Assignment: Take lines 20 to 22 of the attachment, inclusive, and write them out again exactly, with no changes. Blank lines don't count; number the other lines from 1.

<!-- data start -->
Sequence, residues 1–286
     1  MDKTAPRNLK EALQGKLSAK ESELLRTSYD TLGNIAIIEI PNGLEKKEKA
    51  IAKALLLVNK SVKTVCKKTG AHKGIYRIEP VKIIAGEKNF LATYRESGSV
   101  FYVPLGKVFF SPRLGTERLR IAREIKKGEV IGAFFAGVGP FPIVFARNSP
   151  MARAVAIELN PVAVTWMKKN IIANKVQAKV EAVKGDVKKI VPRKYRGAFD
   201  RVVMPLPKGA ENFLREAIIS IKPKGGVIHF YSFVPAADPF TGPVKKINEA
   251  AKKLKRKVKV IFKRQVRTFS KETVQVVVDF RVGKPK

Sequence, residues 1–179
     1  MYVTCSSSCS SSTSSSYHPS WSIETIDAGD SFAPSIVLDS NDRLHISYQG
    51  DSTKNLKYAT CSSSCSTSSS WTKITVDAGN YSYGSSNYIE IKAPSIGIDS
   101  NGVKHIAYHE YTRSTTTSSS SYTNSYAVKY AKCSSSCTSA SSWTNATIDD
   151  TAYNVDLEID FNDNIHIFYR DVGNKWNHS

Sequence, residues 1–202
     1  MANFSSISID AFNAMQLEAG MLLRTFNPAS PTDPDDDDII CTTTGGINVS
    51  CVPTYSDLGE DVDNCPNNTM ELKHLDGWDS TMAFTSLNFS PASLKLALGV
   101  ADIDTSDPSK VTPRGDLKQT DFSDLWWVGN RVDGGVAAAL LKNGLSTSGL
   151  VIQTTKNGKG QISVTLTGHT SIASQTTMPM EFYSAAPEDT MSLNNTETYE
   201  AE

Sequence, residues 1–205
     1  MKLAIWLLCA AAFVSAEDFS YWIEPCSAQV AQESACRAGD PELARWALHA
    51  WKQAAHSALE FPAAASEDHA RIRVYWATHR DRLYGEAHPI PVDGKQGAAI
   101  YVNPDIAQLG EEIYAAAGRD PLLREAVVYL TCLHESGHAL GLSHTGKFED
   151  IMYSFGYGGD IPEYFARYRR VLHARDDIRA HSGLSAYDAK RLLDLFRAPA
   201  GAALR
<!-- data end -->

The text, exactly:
     1  MKLAIWLLCA AAFVSAEDFS YWIEPCSAQV AQESACRAGD PELARWALHA
    51  WKQAAHSALE FPAAASEDHA RIRVYWATHR DRLYGEAHPI PVDGKQGAAI
   101  YVNPDIAQLG EEIYAAAGRD PLLREAVVYL TCLHESGHAL GLSHTGKFED